A week ago, the 49ers and Packers got together for a game that saw a variety of replacement ref miscues. The most blatant mistake came on an illegal block that sprung Randall Cobb for a punt return touchdown. The more subtle mistakes were the allowance of quite a bit of physicality between cornerbacks and wide receivers up and down the field. I like having officials swallow their whistles as much as the next guy, but inconsistency on pass interference calls drives me crazy.
The NFL has claimed that replacement refs are improving, but in fact, Week 2 might have seen them regress. The officials are making some bad mistakes, but one could argue the bigger problem now is players seeing what they can get away with when the refs are not paying close attention. Games like the Ravens-Eagles game saw numerous instances of players coming to blows. Normally the officials get in between and break things up, but when it is happening all over the field, there are only so many officials able to get in the mix.
I'm not a huge Deadspin fan, but they have provided some valuable pointed critiques of the league, with their latest coming earlier this morning:
The only problem is that players and coaches spent that week figuring out the refs' vulnerabilities, and as a result Week 2 was about teams seeing what they could get away with when the refs weren't looking. Turns out, you can get away with a lot! There were missed roughing calls all over the place, including plenty of those naughty helmet-to-helmet hits that angry up the Ginger Hammer's blood. There were numerous scuffles after the whistle was blown.
The 49ers win over the Lions featured numerous instances of bad calls, missed calls and dangerous plays. From a player safety angle, the play that riled me up the most was a fairly brutal hit on Alex Smith by Lions safety John Wendling. The GIF isn't great within the post, so head to this separate link.
Smith gave up his body in his slide. I can understand a player landing on another player at the end of a play like this. This should likely still be a penalty under NFL rules, but even still, it is not the end of the world when a player has to fall on another player. The problem is in the forearm to the head that cut Alex Smith's nose. Wendling led with his forearm and got a shot in on Smith that should have been a personal foul.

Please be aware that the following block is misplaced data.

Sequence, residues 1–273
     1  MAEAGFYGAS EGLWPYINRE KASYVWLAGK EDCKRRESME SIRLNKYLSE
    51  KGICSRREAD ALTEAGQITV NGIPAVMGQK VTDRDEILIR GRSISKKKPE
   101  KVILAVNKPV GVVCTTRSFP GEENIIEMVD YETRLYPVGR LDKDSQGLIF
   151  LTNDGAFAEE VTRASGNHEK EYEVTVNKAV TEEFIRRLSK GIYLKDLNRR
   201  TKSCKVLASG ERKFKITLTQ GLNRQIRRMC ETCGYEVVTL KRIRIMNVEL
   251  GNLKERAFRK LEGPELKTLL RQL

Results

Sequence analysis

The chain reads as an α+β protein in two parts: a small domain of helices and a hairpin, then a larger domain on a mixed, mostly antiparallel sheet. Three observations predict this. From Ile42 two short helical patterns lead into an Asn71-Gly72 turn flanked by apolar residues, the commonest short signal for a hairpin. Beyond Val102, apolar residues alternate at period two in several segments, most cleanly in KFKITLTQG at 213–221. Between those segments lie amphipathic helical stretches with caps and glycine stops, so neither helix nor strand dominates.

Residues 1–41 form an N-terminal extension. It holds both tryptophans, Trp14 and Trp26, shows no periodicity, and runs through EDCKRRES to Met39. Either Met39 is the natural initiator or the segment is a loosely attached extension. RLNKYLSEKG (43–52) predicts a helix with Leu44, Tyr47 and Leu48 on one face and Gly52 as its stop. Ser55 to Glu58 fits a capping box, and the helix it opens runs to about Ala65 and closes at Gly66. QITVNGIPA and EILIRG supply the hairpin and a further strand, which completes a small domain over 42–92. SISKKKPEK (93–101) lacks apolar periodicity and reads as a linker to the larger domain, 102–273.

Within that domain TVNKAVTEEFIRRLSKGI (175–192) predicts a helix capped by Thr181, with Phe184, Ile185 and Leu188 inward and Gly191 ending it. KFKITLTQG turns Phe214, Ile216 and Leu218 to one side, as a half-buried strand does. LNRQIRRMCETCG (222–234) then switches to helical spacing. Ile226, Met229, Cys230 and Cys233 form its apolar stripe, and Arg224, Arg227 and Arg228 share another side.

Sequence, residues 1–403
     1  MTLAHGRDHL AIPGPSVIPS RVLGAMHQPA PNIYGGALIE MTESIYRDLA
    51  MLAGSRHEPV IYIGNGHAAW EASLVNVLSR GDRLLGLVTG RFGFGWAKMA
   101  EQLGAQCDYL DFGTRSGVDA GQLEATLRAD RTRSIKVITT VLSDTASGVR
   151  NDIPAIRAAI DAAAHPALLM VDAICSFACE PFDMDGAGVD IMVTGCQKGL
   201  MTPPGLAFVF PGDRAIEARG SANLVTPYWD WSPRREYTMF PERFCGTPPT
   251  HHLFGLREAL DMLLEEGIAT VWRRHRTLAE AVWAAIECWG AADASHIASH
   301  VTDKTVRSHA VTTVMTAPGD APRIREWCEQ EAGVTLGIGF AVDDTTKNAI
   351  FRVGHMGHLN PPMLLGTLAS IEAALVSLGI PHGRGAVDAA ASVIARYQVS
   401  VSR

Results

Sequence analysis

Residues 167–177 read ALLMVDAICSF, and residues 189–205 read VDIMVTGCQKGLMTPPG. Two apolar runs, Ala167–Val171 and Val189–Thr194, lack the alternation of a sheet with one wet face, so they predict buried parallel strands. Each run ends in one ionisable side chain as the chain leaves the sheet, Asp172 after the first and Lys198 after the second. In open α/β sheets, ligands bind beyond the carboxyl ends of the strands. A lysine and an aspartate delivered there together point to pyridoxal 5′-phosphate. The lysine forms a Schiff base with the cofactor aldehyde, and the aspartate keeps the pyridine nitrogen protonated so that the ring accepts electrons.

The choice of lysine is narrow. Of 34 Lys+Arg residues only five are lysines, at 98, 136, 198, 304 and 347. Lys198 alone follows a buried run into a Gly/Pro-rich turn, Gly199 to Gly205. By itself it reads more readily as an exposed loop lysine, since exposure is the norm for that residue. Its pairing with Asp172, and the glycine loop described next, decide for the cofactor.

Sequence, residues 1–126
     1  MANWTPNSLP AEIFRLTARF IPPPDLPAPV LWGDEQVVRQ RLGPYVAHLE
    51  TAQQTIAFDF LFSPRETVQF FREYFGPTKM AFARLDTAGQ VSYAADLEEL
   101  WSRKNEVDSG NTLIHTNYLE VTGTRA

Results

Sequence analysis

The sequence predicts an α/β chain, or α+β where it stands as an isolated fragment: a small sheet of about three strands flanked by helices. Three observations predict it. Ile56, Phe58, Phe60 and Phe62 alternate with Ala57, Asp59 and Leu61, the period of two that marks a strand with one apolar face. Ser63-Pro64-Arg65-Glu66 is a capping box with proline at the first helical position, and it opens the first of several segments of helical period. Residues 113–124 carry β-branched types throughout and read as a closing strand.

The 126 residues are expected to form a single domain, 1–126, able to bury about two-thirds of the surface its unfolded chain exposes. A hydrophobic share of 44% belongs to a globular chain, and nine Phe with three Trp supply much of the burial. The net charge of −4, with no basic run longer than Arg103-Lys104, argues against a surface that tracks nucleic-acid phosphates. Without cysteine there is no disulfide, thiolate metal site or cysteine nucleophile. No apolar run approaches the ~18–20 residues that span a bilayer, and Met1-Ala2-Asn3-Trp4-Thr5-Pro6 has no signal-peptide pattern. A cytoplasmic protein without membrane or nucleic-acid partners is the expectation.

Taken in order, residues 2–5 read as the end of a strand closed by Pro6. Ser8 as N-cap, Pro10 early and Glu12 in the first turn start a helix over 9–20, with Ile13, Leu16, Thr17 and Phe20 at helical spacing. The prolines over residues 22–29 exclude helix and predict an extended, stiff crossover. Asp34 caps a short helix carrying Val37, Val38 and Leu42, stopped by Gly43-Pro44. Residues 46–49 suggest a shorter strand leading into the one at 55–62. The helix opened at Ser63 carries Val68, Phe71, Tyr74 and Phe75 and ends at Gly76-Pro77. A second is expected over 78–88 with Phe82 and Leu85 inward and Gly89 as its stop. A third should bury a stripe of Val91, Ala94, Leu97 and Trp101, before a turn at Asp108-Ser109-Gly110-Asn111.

It is plays like these that cause the most concern in my mind. When player safety is put in greater jeopardy on a regular basis, I don't see how anybody can justify the lockout any longer. The parties involved do not seem to not care about any of our concerns at this point. I say the parties involved because it takes two to tango in this kind of situation.
While the NFL is talking about the salaries and whatnot, the only issue that really seems to stand in the way of an agreement is benefits. The refs currently have a pension and the league wants to convert them to a 401(k)-style of retirement plan. They have done that with their full-time employees and do not want to give a pension to part-time employees like referees.
I am not here to discuss the pros and cons of the two sides arguments. This is not a political debate about pensions and 401(k)'s, or the battles between labor and management. This is about the NFL and NFLRA getting their acts together and getting the real officials on the field. As Drew Magary said in his Deadspin post, even though the real refs do get calls wrong, they are there are much for keeping some measure of control on the field that goes beyond throwing flags.
This situation is bad now, but it could get much worse if it is not resolved. The integrity of the game is at stake, and I do not believe that is an exaggeration. The replacement refs are not improving and the players know this. A friend of mine made a good point when he said, "It's like a court where all the lawyers kinda suck: nobody has a disadvantage coming in, but is justice really done." Justice is not being served in the NFL and something needs to be done.